«I think we’ve got enough information now, don’t you?»
«All we have is one ‘fact’ you made up.»
«That’s plenty. By the time we add an introduction, a few illustrations, and a conclusion, it will look like a graduate thesis. Besides, I’ve got a secret weapon that will guarantee a good grade! No teacher can resist this! A clear plastic binder! Pretty professional looking, eh?»
«I don’t want co-author credit on this, OK?»
Calvin and Hobbes in «Calvin and Hobbes» by Bill Watterson
One nice thing about working in an interdisciplinary part of science is that different skillsets can beautifully complete each other. I’m not a programmer, but I can do (some) data analysis and know (a few) psychological theories. So there is ample opportunities to cooperate with others.
So far, the work has turned out pretty well (considering I am swamped with other tasks), and looking at an article by Bozeman, Street, and Fiorito (1999), yeah, probably because their criteria (developed via a factor analysis) for good co-author behavior are fulfilled here (I did change the name of the third item, though):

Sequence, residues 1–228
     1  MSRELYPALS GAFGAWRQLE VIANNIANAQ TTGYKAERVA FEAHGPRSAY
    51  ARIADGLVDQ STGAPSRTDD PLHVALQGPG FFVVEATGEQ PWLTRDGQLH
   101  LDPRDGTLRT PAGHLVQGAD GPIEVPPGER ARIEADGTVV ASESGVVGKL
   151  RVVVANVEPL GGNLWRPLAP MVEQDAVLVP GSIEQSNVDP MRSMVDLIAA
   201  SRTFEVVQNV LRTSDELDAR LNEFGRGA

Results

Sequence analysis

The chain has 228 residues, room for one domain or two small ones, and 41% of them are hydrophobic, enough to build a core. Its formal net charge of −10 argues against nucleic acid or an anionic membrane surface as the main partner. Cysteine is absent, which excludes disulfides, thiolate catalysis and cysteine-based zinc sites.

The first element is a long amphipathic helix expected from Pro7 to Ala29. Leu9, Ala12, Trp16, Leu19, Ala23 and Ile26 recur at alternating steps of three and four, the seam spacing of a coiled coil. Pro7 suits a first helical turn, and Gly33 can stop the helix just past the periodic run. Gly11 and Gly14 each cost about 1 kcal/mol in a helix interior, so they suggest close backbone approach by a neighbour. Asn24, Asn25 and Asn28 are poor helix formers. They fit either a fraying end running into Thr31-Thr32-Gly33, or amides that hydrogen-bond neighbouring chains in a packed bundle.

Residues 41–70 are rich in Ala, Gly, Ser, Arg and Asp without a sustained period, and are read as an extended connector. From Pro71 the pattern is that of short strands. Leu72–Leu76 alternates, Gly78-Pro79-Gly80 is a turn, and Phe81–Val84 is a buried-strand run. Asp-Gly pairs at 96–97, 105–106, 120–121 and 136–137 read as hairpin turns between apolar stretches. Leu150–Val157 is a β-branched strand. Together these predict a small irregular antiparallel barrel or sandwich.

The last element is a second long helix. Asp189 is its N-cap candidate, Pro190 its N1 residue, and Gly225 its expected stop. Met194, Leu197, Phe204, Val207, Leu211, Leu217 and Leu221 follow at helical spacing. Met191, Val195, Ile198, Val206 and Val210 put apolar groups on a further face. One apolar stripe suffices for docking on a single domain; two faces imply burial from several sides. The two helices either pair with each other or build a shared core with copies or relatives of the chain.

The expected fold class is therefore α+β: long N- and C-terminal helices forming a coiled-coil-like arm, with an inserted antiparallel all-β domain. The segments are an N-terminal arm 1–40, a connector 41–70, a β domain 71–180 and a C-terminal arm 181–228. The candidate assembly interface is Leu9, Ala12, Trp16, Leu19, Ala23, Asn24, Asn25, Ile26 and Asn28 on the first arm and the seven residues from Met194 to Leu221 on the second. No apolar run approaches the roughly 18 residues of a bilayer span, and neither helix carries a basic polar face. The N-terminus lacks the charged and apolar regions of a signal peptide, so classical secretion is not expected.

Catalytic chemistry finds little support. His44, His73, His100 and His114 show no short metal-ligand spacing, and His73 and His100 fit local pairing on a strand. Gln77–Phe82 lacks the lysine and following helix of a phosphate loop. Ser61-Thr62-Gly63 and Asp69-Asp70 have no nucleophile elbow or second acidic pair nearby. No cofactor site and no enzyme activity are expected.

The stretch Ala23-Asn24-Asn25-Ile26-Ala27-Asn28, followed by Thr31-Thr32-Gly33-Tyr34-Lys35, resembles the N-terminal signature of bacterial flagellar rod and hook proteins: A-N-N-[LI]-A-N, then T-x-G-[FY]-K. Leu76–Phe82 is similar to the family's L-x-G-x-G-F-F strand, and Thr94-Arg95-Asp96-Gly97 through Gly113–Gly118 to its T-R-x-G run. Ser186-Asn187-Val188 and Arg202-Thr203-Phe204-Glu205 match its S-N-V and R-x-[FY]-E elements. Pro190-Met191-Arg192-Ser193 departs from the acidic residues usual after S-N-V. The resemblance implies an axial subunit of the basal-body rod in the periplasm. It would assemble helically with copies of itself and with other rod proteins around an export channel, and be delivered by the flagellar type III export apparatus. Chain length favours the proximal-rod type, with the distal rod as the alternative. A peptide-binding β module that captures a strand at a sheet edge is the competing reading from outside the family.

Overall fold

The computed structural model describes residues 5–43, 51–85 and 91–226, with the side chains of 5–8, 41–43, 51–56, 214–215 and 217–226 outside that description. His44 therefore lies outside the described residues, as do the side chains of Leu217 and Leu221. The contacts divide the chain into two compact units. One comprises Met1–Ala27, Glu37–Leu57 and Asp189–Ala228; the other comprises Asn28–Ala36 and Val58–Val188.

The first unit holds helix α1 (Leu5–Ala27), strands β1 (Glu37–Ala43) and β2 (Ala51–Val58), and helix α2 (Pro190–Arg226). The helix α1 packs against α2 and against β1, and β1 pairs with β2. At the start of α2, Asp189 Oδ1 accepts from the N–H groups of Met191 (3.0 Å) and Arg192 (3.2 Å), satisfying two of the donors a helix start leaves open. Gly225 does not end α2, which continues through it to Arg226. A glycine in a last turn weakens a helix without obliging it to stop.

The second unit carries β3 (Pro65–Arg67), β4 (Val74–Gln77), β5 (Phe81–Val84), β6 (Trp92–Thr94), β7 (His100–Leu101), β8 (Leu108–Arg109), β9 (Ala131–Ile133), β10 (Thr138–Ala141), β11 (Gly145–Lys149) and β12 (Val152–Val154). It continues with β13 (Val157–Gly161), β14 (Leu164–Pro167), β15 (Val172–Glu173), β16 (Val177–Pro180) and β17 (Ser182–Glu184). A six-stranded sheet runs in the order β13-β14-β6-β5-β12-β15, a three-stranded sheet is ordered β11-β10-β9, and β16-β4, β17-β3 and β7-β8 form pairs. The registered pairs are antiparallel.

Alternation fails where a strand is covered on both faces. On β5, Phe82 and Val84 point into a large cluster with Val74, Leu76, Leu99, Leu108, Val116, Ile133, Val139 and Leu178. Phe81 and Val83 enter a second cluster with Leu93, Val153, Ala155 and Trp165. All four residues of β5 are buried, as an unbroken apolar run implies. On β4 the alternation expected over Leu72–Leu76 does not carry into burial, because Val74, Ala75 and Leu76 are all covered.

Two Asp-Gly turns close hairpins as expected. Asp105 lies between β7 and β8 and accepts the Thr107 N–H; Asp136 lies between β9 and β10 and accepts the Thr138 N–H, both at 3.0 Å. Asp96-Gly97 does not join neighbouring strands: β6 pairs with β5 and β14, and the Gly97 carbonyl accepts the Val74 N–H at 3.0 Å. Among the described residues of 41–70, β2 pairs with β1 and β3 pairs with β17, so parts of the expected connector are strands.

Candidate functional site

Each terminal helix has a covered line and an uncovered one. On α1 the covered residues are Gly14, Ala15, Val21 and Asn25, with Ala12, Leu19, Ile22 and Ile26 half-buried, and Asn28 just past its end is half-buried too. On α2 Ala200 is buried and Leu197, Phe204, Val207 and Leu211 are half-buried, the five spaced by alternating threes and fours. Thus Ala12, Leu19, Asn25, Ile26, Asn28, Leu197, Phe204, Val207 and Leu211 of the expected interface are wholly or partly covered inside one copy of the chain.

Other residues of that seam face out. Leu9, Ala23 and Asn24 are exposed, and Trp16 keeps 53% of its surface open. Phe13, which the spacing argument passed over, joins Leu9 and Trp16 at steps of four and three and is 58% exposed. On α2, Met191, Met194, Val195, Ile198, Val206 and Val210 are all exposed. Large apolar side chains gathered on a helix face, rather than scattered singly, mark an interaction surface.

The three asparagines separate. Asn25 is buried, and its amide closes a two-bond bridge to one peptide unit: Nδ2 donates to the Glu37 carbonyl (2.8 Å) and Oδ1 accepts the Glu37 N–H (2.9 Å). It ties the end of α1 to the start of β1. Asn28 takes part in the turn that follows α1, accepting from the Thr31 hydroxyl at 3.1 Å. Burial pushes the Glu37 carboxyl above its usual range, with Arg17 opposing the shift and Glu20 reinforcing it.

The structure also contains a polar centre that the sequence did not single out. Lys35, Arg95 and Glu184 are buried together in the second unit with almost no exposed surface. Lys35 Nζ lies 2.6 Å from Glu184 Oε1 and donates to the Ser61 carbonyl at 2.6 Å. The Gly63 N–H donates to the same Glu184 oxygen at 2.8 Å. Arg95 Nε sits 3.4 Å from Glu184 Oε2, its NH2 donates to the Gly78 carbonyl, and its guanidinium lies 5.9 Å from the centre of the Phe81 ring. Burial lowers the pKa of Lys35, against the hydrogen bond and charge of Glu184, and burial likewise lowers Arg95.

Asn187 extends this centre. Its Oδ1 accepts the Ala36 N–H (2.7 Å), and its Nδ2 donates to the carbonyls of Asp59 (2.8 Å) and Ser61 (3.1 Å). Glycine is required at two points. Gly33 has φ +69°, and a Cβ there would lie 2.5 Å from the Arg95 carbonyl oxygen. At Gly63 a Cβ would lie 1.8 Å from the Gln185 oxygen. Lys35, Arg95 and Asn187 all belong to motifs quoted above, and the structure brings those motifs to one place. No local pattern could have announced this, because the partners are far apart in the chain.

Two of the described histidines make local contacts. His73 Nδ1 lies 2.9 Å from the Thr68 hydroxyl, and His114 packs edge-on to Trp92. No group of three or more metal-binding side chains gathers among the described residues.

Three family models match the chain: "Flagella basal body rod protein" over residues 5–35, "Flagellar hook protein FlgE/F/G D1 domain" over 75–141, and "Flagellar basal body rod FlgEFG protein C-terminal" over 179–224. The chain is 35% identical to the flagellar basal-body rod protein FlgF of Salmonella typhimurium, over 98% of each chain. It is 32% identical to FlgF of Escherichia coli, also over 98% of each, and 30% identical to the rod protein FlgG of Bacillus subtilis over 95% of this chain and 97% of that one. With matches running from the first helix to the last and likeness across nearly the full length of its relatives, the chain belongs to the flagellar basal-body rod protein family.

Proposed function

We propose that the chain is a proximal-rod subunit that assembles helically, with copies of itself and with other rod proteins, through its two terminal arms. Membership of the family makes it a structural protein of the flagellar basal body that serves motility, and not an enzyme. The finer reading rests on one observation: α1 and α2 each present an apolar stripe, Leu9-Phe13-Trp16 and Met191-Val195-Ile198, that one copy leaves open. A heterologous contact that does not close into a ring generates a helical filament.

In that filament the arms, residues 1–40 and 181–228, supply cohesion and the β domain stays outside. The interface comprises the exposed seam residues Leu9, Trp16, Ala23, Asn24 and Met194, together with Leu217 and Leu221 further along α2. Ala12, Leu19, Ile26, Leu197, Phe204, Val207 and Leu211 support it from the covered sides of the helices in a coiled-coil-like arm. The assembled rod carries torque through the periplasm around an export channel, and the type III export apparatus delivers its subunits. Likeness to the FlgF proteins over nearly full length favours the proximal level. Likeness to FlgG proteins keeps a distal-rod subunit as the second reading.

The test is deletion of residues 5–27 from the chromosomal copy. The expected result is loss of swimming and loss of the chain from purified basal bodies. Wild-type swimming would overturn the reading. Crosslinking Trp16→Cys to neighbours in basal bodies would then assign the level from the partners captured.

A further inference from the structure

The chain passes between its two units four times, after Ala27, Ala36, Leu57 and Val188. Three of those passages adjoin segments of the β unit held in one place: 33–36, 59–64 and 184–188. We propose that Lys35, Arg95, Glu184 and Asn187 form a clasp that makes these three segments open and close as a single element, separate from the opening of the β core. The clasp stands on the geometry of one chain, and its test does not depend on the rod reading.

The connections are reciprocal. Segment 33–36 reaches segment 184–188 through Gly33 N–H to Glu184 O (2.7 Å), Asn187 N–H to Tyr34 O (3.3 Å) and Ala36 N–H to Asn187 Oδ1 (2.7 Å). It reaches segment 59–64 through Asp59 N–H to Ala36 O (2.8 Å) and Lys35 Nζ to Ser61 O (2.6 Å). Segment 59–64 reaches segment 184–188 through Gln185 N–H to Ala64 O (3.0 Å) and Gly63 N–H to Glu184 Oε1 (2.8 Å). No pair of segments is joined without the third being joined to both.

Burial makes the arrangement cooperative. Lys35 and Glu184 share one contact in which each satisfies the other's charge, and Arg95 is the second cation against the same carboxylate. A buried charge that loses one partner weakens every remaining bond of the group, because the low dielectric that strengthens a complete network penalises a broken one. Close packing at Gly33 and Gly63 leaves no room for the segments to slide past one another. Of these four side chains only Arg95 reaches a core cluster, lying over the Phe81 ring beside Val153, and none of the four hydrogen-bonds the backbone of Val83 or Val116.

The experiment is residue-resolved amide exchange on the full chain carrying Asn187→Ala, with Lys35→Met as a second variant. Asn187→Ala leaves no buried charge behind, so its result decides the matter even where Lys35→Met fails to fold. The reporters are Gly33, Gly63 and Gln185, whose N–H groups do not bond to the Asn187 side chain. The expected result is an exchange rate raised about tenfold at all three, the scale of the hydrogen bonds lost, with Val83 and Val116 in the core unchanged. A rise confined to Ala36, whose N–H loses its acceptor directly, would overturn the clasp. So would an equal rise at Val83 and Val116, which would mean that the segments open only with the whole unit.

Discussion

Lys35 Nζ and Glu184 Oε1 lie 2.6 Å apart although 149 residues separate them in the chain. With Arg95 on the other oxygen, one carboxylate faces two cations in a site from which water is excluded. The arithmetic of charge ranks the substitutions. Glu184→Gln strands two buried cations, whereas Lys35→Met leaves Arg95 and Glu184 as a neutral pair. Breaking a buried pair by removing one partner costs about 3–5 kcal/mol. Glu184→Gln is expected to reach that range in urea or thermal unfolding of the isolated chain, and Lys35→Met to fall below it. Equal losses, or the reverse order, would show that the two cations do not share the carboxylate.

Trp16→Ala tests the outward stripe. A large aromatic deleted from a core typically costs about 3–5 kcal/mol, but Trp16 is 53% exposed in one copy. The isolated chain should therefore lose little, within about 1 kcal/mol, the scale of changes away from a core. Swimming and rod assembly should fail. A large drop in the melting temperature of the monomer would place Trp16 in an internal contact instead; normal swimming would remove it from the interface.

- Consideration (go beyond formal role commitment, exercising tact in criticizing, receptive to ideas and viewpoints, self-critical perspective, recognition and appreciation for contributions)
- Dependability (complete their work in a timely matter, keeping commitments, keeping coauthors informed, esp. about changes, modifications, etc.)
- Merit-based Decisions (no abuses of power due to differing hierarchy, decisions based on merit)
[originally: «Selfishness» (or rather, lack thereof), but I find the merit-based focus, which is an item in that factor, to be more useful (makes all three positive, and is akin to Lencioni’s «The Five Dysfunctions of a Team» — top of the pyramid is «Status and Ego», which — if present — undermines the quality of the work; note that lack of selfishness does not mean being a pushover, but the work counts, not the ego]
In this sense, something to adhere to … so happy writing. 🙂
Source: Bozeman, D. P., Street, M. D., & Fiorito, J. (1999). Positive and negative coauthor behaviors in the process of research collaboration. Journal of Social Behavior and Personality, 14, 159–176.